The best part of sous vide it doesn’t make your house a million degrees from having the oven on and a superior piece of meat is made. I have my machine upstairs its commercial grade but i think its not working just right maybe i can get it repaired.
    happy summer what a beautiful dinner party!

    Linda Reply:

    @Kimberly(unrivaledkitch), Goat belly confit? Sign me the eff up right now! Thanks for the new idea, girl.

  21. Hi Linda,

    Great post. Love the photos! Awesomeness. I was wondering, I heard that rabbit is pretty lean (i’ve never cooked it before). Any tips? Your photos are so delicious. I love how the sun just kisses the top of the dish. Congrats!!


    Linda Reply:

    @Christine @knapkins_com, Rabbit is tricky because you really have to treat the different parts differently. I like to confit the legs and treat the saddles like good steak- medium rare all the way. Here’s one idea: http://www.saltyseattle.com/2010/09/rabbit-roulade-confit-spinach-panna-cotta-peanut-coconut-espuma/

  22. Way to, uh, go for the goat! I bet sous vide was a really great way to cook goat meat – I’ve also heard the main issue with it is dryness/stringiness. Looks like an ab fab party (I love your dress) and a great step toward mainstreaming goat.

    Linda Reply:

    @Celia, After hearing tales of toughness, I’ll likely only go sous vide with goat from here on out. Maybe we should write a goat fight song?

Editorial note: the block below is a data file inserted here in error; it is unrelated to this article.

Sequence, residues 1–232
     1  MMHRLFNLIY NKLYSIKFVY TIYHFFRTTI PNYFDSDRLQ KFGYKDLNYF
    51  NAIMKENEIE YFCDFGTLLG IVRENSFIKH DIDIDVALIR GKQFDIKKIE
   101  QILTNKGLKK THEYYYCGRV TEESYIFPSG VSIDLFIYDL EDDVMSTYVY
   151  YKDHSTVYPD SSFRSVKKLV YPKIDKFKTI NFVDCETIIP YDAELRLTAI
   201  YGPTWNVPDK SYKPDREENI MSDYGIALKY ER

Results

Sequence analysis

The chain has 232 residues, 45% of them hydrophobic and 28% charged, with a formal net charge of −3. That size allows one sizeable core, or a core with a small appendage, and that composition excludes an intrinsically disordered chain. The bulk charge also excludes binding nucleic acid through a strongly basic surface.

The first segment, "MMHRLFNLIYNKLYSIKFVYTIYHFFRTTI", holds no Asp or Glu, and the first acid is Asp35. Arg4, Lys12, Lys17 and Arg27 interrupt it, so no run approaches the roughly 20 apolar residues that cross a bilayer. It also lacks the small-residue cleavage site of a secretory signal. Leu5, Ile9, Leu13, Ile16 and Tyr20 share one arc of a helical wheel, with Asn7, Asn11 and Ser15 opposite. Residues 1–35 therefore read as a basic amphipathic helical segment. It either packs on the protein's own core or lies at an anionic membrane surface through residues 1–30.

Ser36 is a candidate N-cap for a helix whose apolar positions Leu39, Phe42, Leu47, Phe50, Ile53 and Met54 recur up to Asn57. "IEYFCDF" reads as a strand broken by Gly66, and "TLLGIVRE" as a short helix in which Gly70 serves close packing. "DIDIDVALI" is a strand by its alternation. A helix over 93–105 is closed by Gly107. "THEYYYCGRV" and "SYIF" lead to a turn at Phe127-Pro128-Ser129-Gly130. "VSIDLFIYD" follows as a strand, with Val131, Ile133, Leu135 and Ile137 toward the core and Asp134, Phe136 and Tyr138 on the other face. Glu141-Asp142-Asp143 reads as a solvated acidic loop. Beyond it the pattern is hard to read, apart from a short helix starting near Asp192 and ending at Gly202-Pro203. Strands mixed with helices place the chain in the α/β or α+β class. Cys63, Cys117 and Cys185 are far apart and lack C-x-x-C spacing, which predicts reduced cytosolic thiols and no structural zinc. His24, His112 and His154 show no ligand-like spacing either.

23. I love goat! Your turkey story in Italia was a good hoot. Are you a Russo? Hahahaha. Like you, I think that Americans needs to be exposed to a bigger variety of meats. The dinner party looks like you all had a very fun time!

    Linda Reply:

    @Hester aka The Chef Doc, I got that Russian thing all the time when I was there. Not a drop of ancestry to back it up, either.

  24. This is just goaterrific! Why do I live so far away? This is one goatcasion I would have liked to trip. Oh, and now I want a Lamborghini Polyscience immersion circulator. Punk.

    Linda Reply:

    @Fuji Mama, Well someday I have faith that you will come visit and we will goat sous vide it up all night long, baby.

  25. Well done! A table full of beautiful people and a sous vide goat leg. Jealous on both scores.

    Linda Reply:

    @Jacqueline, Aww, thanks, it was a great time.

  26. That you and I are on the same page at the same time is, is..well, something. Just saw my first goat at the market; now hosting a challenge hoping people will try it. I have no idea what I’m going to do but I’m excited to see what comes of the venture. My goat will more likely bring the girls to the yard…my children, who I hope will be open minded and join our Got Goat campaign!

    Thanks for including your post with our #Goaterie challenge; I’m excited to see what this month brings! Your pioneer spirit gives me great hope!

  27. Kathy Gori

    love love love this! It looks absolutely scrumptious and that is a five dollar word I don’t toss around lightly. I’ve cooked goat quite a bit and the stories of scarey dry goat from diners abound. I love changing their mind about it. WhT i’m really curious about is the cool little device that souvides without a machine. Could I use that in a clay pot???? It seems so much easier that those big sou vide boxes I see. I also envy how you actually look clean and stylish while cooking something i have yet to accomplish

  28. Quite an auspicious goatcasion. I’m incredibly impressed and hella jealous of your Polyscience immersion circulator. Want. Goat is all over the menus in Cayman but I haven’t found one that isn’t tough to chew yet…

    Linda Reply:

    @Parsley Sage, Interesting- sounds like you need to bring sous vide to the Caymans